COVID-19 related racial discrimination on Asian Australians: An evaluation of symptoms of psychological distress, social support and acculturation
COVID-19 restrictions and the social and financial repercussions are negatively affecting the mental health of Australians. Asian Australians may be further at risk of negative mental health outcomes due to the racial discrimination that has emerged during this pandemic. This study used an online questionnaire to assess whether COVID-19-related racial discrimination (firsthand and secondhand), acculturation, and perceived social support predicted psychological distress (depressive, anxiety, and stress symptoms) among Asian Australians (n = 113, Mage = 29.82, SDage = 11.96, nonbinary n = 1, female n = 69, male n = 43). Participants perceived high social support and reported moderate amounts of COVID-19-related racial discrimination, as well as moderate cultural preferences for both host and heritage cultures. Multiple regression analyses indicated that (a) social support from significant others and family significantly predicted variance in depressive symptoms, (b) no independent variable was able to significantly predict variance in anxiety, and (c) social support from the family significantly predicted variance in stress. Participants reported mild amounts of depressive symptoms, normal amounts of stress symptoms, and verging amounts of anxiety symptoms that could be considered mild. This research contributes to the wider literature as one of the first studies to focus on Asian Australian mental health during the COVID-19 pandemic and to empirically support anecdotal evidence of COVID-19-related racial discrimination.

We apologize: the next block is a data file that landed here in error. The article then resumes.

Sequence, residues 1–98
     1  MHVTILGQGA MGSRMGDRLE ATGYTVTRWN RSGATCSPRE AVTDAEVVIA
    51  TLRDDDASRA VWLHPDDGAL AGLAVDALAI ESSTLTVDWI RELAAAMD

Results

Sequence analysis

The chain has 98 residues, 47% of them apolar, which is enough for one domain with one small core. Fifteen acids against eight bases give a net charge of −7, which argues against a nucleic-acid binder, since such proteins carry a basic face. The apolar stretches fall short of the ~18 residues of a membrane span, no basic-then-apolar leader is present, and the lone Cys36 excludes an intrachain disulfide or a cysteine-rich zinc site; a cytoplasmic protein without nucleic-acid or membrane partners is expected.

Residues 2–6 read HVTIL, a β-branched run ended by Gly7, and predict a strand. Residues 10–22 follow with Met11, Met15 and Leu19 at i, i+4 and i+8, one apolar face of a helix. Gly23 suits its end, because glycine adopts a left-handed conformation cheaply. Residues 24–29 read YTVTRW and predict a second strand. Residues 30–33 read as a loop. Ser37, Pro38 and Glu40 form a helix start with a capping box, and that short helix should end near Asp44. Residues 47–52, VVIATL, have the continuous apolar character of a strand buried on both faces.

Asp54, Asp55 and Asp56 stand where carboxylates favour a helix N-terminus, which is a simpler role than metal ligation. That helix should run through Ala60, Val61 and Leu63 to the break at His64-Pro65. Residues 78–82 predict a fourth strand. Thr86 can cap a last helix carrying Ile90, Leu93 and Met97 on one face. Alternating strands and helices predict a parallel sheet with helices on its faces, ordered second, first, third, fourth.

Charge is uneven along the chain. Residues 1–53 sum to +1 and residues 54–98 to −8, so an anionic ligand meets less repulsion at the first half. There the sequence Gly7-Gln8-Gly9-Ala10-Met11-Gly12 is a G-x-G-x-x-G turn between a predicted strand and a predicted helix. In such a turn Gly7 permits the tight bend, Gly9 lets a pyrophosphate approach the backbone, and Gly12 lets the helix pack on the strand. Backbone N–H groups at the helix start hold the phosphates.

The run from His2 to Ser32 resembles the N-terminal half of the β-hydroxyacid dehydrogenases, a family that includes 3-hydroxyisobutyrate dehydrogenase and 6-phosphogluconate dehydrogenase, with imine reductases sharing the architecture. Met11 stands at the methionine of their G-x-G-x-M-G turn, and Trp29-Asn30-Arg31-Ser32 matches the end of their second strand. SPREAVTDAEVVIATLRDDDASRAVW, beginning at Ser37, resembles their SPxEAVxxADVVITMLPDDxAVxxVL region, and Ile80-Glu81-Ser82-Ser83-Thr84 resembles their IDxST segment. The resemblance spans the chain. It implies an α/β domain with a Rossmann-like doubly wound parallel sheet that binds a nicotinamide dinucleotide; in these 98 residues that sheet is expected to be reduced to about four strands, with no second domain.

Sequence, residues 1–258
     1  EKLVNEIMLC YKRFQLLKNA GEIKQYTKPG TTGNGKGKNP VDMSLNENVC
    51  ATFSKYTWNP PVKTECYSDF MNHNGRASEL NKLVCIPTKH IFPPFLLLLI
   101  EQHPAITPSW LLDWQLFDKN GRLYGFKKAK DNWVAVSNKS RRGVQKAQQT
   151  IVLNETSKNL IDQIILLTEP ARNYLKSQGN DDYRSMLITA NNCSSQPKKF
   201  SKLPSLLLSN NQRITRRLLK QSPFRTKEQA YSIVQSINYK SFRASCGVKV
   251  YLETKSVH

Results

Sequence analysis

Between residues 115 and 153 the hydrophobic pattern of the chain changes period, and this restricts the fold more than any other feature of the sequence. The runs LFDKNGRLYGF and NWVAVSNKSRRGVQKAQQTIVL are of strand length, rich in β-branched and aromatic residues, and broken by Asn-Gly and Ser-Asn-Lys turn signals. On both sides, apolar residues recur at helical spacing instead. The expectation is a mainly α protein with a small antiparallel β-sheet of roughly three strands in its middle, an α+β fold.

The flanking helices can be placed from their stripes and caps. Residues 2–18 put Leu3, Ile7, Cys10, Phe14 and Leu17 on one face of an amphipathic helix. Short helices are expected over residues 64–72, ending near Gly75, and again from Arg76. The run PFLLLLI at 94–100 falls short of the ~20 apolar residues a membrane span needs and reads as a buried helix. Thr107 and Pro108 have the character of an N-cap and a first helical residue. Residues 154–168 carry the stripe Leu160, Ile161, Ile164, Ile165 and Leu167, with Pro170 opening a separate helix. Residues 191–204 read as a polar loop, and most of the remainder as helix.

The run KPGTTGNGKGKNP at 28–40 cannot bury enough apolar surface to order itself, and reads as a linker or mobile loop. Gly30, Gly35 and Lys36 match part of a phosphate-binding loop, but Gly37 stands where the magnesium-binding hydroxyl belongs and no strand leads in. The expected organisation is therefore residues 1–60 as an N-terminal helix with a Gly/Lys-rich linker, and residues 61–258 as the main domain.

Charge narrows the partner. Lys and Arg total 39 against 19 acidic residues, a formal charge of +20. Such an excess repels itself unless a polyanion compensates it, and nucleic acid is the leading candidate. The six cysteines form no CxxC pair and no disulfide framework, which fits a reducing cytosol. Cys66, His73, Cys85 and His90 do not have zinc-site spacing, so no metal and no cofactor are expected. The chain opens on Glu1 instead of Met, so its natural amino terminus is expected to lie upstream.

Lim, S.Y., & MacDonald, J. B. (2022). COVID-19 related racial discrimination on Asian Australians: An evaluation of symptoms of psychological distress, social support and acculturation. Traumatology, 28(3), 366–375. https://doi.org/10.1037/trm0000374
- Published: Sep, 2022
- Type: Journal article
- Read in full